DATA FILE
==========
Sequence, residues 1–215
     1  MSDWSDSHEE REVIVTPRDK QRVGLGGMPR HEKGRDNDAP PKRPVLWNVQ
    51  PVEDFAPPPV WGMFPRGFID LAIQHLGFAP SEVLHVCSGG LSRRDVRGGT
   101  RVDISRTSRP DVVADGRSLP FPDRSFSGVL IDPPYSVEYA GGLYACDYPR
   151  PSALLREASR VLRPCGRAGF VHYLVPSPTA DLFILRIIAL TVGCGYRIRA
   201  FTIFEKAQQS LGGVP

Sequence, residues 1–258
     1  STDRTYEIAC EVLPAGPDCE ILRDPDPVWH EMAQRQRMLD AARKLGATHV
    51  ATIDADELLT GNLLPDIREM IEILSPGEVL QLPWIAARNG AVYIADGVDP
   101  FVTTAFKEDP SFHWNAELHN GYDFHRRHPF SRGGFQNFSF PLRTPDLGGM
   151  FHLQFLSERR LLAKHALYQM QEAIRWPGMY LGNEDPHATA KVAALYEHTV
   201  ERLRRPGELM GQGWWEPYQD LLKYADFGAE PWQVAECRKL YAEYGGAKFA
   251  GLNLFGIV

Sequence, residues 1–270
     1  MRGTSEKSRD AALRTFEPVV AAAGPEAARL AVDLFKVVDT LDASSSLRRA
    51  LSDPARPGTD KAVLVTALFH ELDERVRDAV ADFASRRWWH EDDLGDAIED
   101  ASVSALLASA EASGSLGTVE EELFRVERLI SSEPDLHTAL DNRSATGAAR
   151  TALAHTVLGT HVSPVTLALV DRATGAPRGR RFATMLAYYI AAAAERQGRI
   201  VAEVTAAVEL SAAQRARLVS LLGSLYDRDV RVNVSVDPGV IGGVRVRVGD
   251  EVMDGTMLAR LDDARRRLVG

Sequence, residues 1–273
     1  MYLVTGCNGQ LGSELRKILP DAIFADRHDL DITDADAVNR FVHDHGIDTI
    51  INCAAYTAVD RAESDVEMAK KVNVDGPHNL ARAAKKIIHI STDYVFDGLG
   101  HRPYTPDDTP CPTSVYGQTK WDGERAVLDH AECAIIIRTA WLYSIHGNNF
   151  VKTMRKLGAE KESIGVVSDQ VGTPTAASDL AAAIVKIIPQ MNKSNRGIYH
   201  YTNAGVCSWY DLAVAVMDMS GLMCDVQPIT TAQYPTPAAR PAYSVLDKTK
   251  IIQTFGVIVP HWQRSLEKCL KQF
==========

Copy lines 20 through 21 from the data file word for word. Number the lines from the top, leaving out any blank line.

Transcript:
   251  EVMDGTMLAR LDDARRRLVG

Sequence, residues 1–273